Every migration is different
Migrating isn’t a walk in the park. You start all over again. Each migration also has its own character. For example, it makes quite a difference at what age you migrated and to what extent the culture of your home country differs from that of your new country.

Culture is unconscious
Living between cultures is living with (often) unconscious differences. Sometimes you don’t feel at home with others or you don’t understand yourself well. Without being able to put your finger on exactly what causes this. Living between cultures is not the same as understanding the differences. This understanding can help you further in the process of integrating your cultures into yourself.

Dealing with discomfort
Living between cultures is living feelings of difference and insecurity, for example, or of longing for the familiar things you left behind. How do you deal with this? Do you try to escape those feelings or override them? Or do you manage to let them exist and live with them? Patterns (coping mechanisms) can develop unnoticed, either in yourself or in your migrant parents.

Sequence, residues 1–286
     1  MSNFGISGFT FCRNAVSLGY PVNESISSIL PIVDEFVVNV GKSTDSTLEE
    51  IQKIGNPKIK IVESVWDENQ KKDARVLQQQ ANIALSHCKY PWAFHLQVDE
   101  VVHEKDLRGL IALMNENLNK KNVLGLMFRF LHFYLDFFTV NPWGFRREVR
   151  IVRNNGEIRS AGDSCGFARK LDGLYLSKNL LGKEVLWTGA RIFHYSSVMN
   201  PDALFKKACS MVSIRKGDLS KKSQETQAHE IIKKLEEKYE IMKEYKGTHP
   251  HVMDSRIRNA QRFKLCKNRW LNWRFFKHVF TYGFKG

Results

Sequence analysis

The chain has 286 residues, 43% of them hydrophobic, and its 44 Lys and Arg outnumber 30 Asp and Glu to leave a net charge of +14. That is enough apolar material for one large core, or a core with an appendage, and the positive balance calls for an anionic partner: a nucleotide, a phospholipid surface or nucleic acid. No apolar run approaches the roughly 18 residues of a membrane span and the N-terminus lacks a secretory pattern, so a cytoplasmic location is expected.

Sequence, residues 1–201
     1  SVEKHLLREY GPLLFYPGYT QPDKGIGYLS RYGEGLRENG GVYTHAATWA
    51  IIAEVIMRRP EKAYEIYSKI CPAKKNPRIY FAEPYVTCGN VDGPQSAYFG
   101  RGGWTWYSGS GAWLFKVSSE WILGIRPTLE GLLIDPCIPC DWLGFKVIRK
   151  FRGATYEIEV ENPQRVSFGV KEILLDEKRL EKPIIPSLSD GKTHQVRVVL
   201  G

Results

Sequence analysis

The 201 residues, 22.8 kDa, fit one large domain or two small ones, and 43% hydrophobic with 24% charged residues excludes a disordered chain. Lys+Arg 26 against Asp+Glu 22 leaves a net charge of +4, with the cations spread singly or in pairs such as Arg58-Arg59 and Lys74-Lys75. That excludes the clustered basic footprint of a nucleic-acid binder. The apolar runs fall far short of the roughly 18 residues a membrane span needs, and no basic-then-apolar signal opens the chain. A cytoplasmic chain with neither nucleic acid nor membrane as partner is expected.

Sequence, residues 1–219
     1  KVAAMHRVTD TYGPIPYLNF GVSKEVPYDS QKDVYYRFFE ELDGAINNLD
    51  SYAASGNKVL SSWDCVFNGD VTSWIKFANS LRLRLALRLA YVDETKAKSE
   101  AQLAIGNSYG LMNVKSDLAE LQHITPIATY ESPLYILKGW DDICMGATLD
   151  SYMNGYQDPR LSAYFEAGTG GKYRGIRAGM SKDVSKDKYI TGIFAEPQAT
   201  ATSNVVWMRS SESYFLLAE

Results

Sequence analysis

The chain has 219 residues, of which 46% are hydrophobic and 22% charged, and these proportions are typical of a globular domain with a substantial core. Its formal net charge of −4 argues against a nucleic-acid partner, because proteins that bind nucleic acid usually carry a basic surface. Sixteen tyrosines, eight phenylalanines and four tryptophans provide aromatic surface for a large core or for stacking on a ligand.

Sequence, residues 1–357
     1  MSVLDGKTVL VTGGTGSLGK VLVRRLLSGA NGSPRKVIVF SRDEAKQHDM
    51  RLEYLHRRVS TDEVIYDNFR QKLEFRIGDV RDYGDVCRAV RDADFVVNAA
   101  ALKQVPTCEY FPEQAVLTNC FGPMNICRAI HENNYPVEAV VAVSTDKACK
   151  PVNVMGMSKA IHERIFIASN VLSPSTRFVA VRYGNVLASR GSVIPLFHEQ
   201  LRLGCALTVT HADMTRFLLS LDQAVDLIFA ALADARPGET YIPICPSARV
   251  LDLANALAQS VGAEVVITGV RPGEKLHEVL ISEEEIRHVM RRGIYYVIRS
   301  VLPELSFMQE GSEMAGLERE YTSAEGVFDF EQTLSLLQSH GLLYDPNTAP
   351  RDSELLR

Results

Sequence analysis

Everyone is different
Every person is unique. You approach everything you encounter in life from the perspective of the person you are and ‘always carry with you’. Everyone has their own strength, but also weaknesses. And everyone is formed by previous experiences, including in the family of origin. This also affects how you deal with being connected to multiple cultures.

Four situations
Your personality and your background are unique. Nevertheless, you may also recognise many of the things other people encounter. This is because universal dynamics often play a role in living between cultures. I therefore mainly focus on four different situations in my counselling.